Translations of “The Stranger” by Albert Camus

Why does the header title on your page keep changing?
What on earth does “O XÉNOS” or “DER FREMDE” mean?

The titles are various translations of Albert Camus’ famous novel L’Étranger. I named my blog after one of the English translations, The Stranger. I also happened to lose my special copy of The Stranger on a cab ride to Lincoln Center during fashion week.


But  *!#((#@#$$9@@1*  doesn’t mean “The Stranger“.
It means “The Alien” or “The Foreigner”! You ignorant fool!

Not all of these titles translate literally to “The Stranger”. In French, the term étranger has several connotations. For example, a variant translation of L’Étranger in English is The Outsider.

Come on. Mandarin is one of your native languages. Why have you written “JÚ WÀI RÉN” instead of “局外人”?

Several languages use their own unique alphabets and characters. I’ve represented them with their English phonetic equivalents simply because it is more aesthetically pleasing. The font that I use for my header only supports English phonetic characters. Being the pedantic fart I am when it comes to web design, I refuse to use alternating fonts for my header.

I’ve managed to gather the translations together in a list below. You can consult it whenever you’re curious as to what strange language you might be seeing. If I’ve misspelt anything, leave a note in the comments.

  • Cizinec – Czech
  • De Vreemdeling – Dutch
  • Den Fremmede – Danish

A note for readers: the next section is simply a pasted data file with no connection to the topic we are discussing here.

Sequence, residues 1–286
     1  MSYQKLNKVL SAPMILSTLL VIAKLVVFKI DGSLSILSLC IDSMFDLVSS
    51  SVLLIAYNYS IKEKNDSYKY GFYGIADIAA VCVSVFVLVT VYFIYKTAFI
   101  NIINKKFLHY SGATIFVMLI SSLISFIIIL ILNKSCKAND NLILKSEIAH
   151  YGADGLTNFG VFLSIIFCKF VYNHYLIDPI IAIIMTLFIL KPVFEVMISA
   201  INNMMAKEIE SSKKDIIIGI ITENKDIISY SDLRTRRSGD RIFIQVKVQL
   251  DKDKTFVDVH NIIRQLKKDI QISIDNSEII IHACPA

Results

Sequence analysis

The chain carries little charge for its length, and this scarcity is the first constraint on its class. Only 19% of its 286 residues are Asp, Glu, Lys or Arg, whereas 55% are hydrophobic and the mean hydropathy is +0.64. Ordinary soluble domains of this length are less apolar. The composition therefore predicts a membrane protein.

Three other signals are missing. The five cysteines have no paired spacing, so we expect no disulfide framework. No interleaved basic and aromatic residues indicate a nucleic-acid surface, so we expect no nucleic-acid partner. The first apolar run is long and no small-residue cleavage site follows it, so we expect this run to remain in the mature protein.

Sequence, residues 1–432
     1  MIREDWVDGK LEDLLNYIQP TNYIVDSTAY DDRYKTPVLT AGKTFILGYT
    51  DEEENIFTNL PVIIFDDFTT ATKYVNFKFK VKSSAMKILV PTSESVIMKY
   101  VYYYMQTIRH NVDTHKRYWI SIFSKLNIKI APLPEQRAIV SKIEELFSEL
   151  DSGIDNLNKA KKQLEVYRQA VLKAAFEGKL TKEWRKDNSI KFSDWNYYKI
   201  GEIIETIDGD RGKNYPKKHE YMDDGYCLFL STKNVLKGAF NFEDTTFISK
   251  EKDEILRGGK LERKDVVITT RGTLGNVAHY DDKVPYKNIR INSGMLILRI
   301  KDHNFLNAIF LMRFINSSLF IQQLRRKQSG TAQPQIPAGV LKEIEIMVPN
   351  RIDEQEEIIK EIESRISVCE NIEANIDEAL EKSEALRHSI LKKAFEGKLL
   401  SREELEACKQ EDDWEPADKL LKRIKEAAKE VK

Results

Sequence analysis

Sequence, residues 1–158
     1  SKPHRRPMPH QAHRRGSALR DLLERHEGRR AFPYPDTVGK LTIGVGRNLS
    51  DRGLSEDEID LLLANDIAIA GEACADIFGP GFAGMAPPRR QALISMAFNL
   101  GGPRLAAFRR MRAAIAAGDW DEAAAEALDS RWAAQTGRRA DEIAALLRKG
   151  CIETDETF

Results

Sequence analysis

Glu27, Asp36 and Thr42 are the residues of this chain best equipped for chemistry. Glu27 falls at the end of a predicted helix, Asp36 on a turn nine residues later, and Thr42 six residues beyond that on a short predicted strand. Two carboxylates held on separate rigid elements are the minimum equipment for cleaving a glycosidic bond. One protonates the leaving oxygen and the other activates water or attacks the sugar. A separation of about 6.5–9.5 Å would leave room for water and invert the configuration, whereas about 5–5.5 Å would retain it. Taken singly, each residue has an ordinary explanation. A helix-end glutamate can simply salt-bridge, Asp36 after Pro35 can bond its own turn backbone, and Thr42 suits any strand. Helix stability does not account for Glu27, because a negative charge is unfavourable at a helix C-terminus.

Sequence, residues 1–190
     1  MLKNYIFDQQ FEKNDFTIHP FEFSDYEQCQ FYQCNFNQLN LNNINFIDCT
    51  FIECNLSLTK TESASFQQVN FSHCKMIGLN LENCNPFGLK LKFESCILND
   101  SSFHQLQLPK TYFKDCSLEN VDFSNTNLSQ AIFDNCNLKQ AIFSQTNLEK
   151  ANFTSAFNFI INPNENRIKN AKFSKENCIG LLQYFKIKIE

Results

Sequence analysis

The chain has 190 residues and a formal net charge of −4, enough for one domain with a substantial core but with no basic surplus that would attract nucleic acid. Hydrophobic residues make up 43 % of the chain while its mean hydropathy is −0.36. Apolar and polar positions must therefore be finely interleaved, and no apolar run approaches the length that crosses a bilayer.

• Der Fremde – German
  • El Extranjero – Spanish
  • Främlingen – Swedish
  • Ha Zar – Hebrew
  • I Bang In – Korean
  • I Hou Jin – Japanese
  • Jú Wài Rén – Chinese (Mandarin)
  • Közöny – Hungarian
  • L’Estrany – Catalan
  • L’Étranger – French
  • Lo Straniero – Italian
  • Neznaiomec – Ukranian
  • Nieznajomy – Polish (Thanks Patryk!)
  • O Estrangeiro – Portugese
  • O Xénos – Greek
  • Postorinii – Russian
  • Sivullinen – Finnish
  • Străinul – Romanian (Thanks Nora!)
  • Stranac - Croatian
  • Stranac – Serbian (Thanks Srdjan!)
  • Strannikut – Bulgarian
  • Võõras -Estonian (Thanks Mariliis!) 
  • Yabanci – Turkish

The list is incomplete, so contributions are welcome and highly recommended!

29 thoughts on “Translations of “The Stranger” by Albert Camus

  1. My favorite feature of the word: allowing for a little linguistic subterfuge, étranger is not just “alien”, “foreigner”, “outsider” etc, but “being-angel” (être-ange).

  2. absolutely astonished by what I see here; love your blog and how you relate fashion to art (something which is sadly uncommon in many fashion publications nowadays – right American Vogue, this was personal). The Stranger in Polish would be: ‘Nieznajomy’. Good luck, hope to see you soon :*

    • Thank you Patryk! I was kind of confused by the Polish translation. On the Polish Wikipedia they had it put down as “Obcy”, but I found different names for it on other sites as well. I think “Nieznajomy” sounds way cooler though ;)

      • that is the official translation of the novel’s title but it makes little sense in Polish – especially if we consider that Obcy is also how they translated Alien with Sigourney Weaver. Camus wouldn’t be delighted haha

  3. Just wanted to help out a little, because maybe you are interested :)
    In Estonian if you want to say “The Stranger” it is Võõras (google translate also gives you the correct answer if you type it in there :) )

  4. странникът  / strannikut – Bulgarian
    незнайомець / neznaiomec – Ukrainian

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